The prosecutor in the case was also guilty of misconduct — because it became known later that Chobert had asked him, before testifying at the trial, if the prosecutor could “fix” his suspended license. Even if the prosecutor never did “fix” that license suspension, the mere fact that the witness thought that it might be possible in return for supportive testimony should have been brought to the attention of judge and jury. Prosecutor Joseph McGill never mentioned that request to the defense or the judge, nor was he challenged about it years later, after Chobert testified about it at a 1995 post-conviction hearing (held before the same trial judge, Albert Sabo).
Furthermore, in two drawings of the scene of the crime — one apparently in White’s own hand, and a second professionally done by police investigators in accordance with her direction (both published as illustrations in my book on the case, Killing Time: An Investigation into the Death Penalty Case of Mumia Abu-Jamal (Common Courage Press, 2003) — she does not depict Chobert’s taxi, though she does draw and mention a Ford Sedan that was not at all involved in the incident, and which was parked in front of the VW, and is evident in police photos of the scene.
As for White herself, many have also questioned whether a prostitute with many arrests and who was well known to police would have been standing on the sidewalk near a parked police car at all, much less when gunfire erupted. Even if she had been hanging out there initially, it is most likely she would have departed the scene immediately as Faulkner pulled his car to the curb. In any event, her story changed multiple times as, over the course of months during investigations before the trial, she was repeatedly picked up by police on prostitution charges and then brought in to the homicide division to be questioned and requestioned. Each time, her “recollection” of the incident changed, always moving closer and closer to the scenario that the prosecution ultimately presented to the jury.
Initially White was not even treated by police investigators as an important witness. Other witnesses at the scene were immediately brought over to the police van where a seriously injured and internally bleeding Abu-Jamal was being left untended for half an hour, and asked if they could identify him. She never was. Later, the prosecution assured an arraignment judge that she would not be an “identification” witness, though at trial, six months later, she was asked to point Ab-Jamal out in the courtroom as though she would know him from the incident (his face had been in the papers and on the news for months preceding the trial by that time, making that courtroom ID process a farce).
Finally, Sen. Toomey in his Senate speech, makes much of the claim — made at the trial with great fanfare — that Abu-Jamal had “bragged” about having shot Faulkner and that he said he “hoped the MF-er would die,” as he was brought into the same hospital himself by police for treatment of a bullet wound to the chest.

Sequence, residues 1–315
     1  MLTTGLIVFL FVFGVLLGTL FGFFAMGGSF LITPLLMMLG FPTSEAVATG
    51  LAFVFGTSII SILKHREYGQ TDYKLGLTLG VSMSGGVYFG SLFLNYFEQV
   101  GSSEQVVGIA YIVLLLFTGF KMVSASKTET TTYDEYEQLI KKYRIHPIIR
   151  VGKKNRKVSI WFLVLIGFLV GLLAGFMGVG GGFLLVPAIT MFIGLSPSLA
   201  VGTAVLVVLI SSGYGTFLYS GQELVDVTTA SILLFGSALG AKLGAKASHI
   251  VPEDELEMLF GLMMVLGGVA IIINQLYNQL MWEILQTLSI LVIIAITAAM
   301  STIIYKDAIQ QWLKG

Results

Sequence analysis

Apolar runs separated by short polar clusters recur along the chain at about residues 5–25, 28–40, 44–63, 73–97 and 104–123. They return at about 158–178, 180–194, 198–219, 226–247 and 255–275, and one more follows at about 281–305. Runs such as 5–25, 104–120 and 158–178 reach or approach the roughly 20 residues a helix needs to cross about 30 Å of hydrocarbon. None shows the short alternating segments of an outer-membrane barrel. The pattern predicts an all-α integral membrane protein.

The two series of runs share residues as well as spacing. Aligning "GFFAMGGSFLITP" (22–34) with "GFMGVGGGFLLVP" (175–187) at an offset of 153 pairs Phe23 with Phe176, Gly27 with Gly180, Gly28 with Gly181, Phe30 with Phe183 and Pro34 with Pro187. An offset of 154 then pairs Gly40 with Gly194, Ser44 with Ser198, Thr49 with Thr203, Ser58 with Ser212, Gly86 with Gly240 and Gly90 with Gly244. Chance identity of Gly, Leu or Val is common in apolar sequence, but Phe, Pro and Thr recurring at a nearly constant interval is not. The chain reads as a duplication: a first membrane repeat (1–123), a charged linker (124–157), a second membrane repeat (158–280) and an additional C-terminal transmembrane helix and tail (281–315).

What Toomey didn’t say was the reality that this supposedly “shouted out” confession was reported to police investigators by nobody, including none of the officers who dragged him into the hospital ER (beating him along the way), either that day, or in subsequent days or weeks. Nor was it heard by the doctors who were only feet away working on Faulkner. Only two months later, at a meeting of police and prosecutor, did several officers claim they suddenly “remembered” the confession. (The other person said to have heard the “confession” was a hospital security guard, but she didn’t mention it to police either at the time — only months later.)
Most significantly, the police officer assigned to guard Abu-Jamal during his time in the ER and in his hospital room following surgery, Gary Wakshul, wrote in his official report on that day that during the course of all his time with Abu-Jamal, which began with the suspect’s arrival at the hospital, “the negro male made no comments.”
Near the end of Abu-Jamal’s trial, the defense tried to have Wakshul brought in and put on the stand to explain the contradiction between his signed statement that there had been “no comments” from his charge and the belated claim by other police and the hospital guard that Abu-Jamal had shouted out a confession. But the prosecution claimed he was away “on vacation,” and the judge, saying he was unwilling to delay the trial, sent the case to the jury for deliberation with the damaging “confession” testimony left unchallenged. It turns out that Wakshul was actually at home waiting to be called to testify, and that the prosecutor had simply lied to the court. We know this because Wakshul later said he had been “ordered” to say home and to be on call during his vacation until the trial had ended. That instruction would, of course, have come from the District Attorney’s office, and almost certainly from prosecutor McGill himself.
Toomey, for his pathetic performance in the Senate well, has earned the monicker “Senator Pander.”
The bottom line, which Senator Pander surely ought to know, is that whether or not Abu-Jamal is guilty, Debo Adegbile did exactly what a lawyer should do. Asked to help right a constitutional wrong, he had the NAACP Legal Defense Fund assist in the appeal of Abu-Jamal’s death sentence, which a federal judge had already ruled to be unconstitutional. Adegbile and his legal team did their duty, fighting an appeal by the state to the Third Circuit, which upheld the lower court’s ruling, and then on to the Supreme Court, which by refusing to accept the state’s appeal, endorsed the Third Circuit, meaning that its decision that Abu-Jamal had been unconstitutionally sentenced to death because of a flawed jury ballot form and confusing instructions from the trial judge was confirmed beyond any dispute.
Senator Pander should know that if the American justice system is to be truly just, it must be just and constitutionally applied to all people — even those convicted of murder. That’s why death sentences have to be voted on by juries following an entirely separate hearing, with a separate presentation of evidence and arguments.
But Senator Pander should also know that this particular trial wasn’t just unconstitutional in its sentencing. Far from a “convincing” case, as he claimed, it was an atrocity of justice from the get-go.
Myself, I don’t know what happened on the early morning of Dec. 9, 1981. But neither does anyone else, including the FOP and Sen. Toomey. This is because, among other things, the investigation of the case was so poorly done (police didn’t even do a wipe test of Abu-Jamal’s hands to see if he had recently fired a gun, or if they did, they didn’t like the result and pretended not to have done that test — a basic step in any murder-by-gun case), because there were so many cases of obvious witness tampering and coaching by the prosecution, and of outright lying by witnesses, and because there was such evident bias on the part of the judge, that in the end it is impossible to say Abu-Jamal was a murderer, or even that he was the shooter of Officer Faulkner.
DAVE LINDORFF is author of the critically acclaimed book Killing Time: An Investigation into the Death Penalty Case of Mumia Abu-Jamal (Common Courage Press, 2003).